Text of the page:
Getting Started – Cookie

FAQsBaking and Donation Support → Energy Cookies

Getting Started – Cookies (2)

Testing suggests that you can mix the cookie dough and delay portioning and baking for up to 72 hours, that’s three days!

Our fearless leader, Katherine Kehrli, likes to whip up a double batch then bake off two or three sheet trays at a time over the subsequent evenings.

You definitely need to let the dough “hydrate” soak up the liquid in an overnight rest period. But, don’t feel like you have to rush right to baking. If your schedule gets interrupted know that you can still make these delicious cookies 24, 48 and even 72 hours later.

After 72 hours, you’ll notice that the dough starts to “seep,” releasing the liquid. That’s not the best for a successful bake. You can try stirring and incorporating that moisture back in, but basically, the grains are saying they’re done. Hydration is over, and the cell structure is releasing some moisture.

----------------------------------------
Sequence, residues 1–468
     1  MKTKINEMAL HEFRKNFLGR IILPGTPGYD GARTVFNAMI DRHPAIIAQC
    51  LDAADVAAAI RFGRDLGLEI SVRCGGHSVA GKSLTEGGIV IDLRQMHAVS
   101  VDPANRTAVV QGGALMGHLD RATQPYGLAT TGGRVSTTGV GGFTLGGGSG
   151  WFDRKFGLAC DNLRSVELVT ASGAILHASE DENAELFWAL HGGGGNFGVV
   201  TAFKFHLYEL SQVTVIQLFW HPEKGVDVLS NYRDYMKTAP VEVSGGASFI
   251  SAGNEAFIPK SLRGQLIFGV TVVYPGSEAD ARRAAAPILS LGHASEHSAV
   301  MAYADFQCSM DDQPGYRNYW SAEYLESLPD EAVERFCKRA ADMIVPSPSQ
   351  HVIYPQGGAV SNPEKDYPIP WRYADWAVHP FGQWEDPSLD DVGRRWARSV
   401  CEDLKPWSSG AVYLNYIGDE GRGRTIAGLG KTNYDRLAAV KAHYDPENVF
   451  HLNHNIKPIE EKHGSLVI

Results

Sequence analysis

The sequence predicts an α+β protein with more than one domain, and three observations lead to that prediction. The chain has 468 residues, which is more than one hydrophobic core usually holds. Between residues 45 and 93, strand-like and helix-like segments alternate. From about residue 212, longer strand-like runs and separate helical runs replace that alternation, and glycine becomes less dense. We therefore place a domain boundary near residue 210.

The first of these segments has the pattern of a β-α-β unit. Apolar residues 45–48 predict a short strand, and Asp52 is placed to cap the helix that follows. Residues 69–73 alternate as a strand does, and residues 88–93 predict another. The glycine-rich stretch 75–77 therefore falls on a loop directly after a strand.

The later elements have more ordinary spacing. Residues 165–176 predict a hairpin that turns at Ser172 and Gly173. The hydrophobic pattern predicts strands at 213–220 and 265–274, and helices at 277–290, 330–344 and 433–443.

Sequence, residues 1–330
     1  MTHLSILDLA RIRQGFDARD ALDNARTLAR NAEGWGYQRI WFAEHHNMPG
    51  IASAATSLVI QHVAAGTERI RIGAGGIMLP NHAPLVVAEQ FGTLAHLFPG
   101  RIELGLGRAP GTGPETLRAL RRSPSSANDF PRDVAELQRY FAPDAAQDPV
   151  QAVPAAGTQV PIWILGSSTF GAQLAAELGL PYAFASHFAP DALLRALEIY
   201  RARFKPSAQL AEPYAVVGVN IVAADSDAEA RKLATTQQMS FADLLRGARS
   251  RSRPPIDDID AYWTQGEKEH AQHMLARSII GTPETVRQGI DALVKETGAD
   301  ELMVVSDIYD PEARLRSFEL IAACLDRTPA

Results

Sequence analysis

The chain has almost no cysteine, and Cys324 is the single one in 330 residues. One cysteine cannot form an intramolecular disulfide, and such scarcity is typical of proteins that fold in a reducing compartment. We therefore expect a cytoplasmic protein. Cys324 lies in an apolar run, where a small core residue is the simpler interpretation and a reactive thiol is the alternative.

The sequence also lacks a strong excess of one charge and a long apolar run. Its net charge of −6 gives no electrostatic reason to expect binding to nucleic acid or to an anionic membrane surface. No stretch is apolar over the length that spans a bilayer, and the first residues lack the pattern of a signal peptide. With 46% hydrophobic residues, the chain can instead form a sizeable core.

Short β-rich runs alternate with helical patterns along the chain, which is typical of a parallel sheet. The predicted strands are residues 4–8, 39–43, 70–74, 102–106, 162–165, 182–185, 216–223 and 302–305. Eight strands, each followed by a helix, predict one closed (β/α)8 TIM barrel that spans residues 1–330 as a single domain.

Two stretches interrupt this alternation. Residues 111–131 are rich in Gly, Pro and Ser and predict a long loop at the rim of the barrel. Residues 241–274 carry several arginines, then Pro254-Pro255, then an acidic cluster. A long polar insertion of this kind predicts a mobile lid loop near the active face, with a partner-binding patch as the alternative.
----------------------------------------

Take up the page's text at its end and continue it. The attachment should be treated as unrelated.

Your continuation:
Mia K

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The great thing about Community Loaves is that you can literally bake whenever it works for your personal schedule, as long as you have access to a freezer.

However, if you don’t have access to a freezer or freezer bank, then you are a Saturday baker. You’ll want to bake on Saturday, package the items on Sunday (which provides plenty of time for loaves and cookies to cool), and then transport them to your designated hub.

Otherwise, you can bake any day of the week that suits your schedule. You’ll still package these beauties up the next day after they’ve had plenty of time to cool (see our Packaging and Freezing guidelines). Then pop the packaged items into your freezer or get them to a freezer bank. What’s a freezer bank? Learn more here.

Mia K

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Mia K